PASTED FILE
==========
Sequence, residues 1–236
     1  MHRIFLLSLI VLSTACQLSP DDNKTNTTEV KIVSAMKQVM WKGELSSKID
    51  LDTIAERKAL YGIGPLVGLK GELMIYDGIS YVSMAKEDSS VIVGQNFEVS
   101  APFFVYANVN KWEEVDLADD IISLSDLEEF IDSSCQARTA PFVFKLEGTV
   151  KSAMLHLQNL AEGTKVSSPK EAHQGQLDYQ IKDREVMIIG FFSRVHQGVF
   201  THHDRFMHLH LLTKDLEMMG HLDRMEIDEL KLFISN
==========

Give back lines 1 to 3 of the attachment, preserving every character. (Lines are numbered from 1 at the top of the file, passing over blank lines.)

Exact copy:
Sequence, residues 1–236
     1  MHRIFLLSLI VLSTACQLSP DDNKTNTTEV KIVSAMKQVM WKGELSSKID
    51  LDTIAERKAL YGIGPLVGLK GELMIYDGIS YVSMAKEDSS VIVGQNFEVS